From: Phil Goetz (email@example.com)
Date: Tue Oct 18 2005 - 12:33:23 MDT
--- John Stick <firstname.lastname@example.org> wrote:
> > When colleges and universities hire new grads for faculty
> > the primary factor they consider is what university they came from.
> > Likewise for undergrads applying for grad school.
> > Once you've attended a university that cost less than $30,000/yr
> > tuition, there's little chance you can ever get onto the academic
> > track and into a research position. So the ivy-league schools
> > make academia itself a hereditary institution.
> Just a brief note to say this description is totally false to my
> As a proud representitive of trailer park trash in academia, I must
> say it
> is not true to my life, to the graduate departments in which I
> trained, or
> the private universities where I taught. Selection of students,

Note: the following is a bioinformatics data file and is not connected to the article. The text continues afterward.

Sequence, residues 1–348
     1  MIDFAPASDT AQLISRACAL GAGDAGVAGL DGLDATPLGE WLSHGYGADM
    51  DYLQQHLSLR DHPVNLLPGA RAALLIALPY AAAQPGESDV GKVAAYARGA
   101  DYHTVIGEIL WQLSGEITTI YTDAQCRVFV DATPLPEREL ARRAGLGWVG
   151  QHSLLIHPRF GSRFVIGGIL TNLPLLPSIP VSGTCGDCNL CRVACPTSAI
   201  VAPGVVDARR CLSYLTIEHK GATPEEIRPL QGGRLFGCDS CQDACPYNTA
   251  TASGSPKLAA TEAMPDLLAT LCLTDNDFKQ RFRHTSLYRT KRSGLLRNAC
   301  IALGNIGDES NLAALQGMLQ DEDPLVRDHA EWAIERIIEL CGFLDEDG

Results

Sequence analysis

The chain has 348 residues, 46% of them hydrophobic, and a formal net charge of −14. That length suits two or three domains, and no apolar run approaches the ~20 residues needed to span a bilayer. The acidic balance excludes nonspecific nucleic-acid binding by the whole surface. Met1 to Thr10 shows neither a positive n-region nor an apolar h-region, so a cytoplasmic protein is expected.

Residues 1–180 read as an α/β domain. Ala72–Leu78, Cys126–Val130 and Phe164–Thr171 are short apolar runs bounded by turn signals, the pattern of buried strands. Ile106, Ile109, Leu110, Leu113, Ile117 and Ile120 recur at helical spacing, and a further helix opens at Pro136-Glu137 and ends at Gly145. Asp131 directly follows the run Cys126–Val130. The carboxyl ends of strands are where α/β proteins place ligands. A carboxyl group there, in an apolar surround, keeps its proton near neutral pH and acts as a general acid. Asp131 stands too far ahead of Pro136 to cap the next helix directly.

> and undergraduate, and hiring of new faculty is very different, in
> necessarily more equitable, than that. The demographics of graduate
> students and faculty is very different than that, and overwhelmingly
> middle class.
Okay, I just went and looked up, at random, the faculty in
economics at MIT. I did not select this because of its
statistics; it was the first department listing I found that
listed where its faculty earned their degrees. It lists 39 faculty,
whose degrees were granted at the following places:
1 London School of Economics
1 U. of Minnesota
2 U. of Pennsylvania
2 U. of Chicago
1 Penn State U.
1 Cal Tech
These do not suggest an "overwhelmingly middle-class" demographics.
These results are very similar to what I saw in 1997,
when I was looking for a job in computer science, and
first noticed that the faculty at research institutions were
composed almost entirely of graduates from upper-class schools.
There are a few respectable middle-class schools, notably
including U. of Chicago, PSU, & UPenn.
Yahoo! Mail - PC Magazine Editors' Choice 2005
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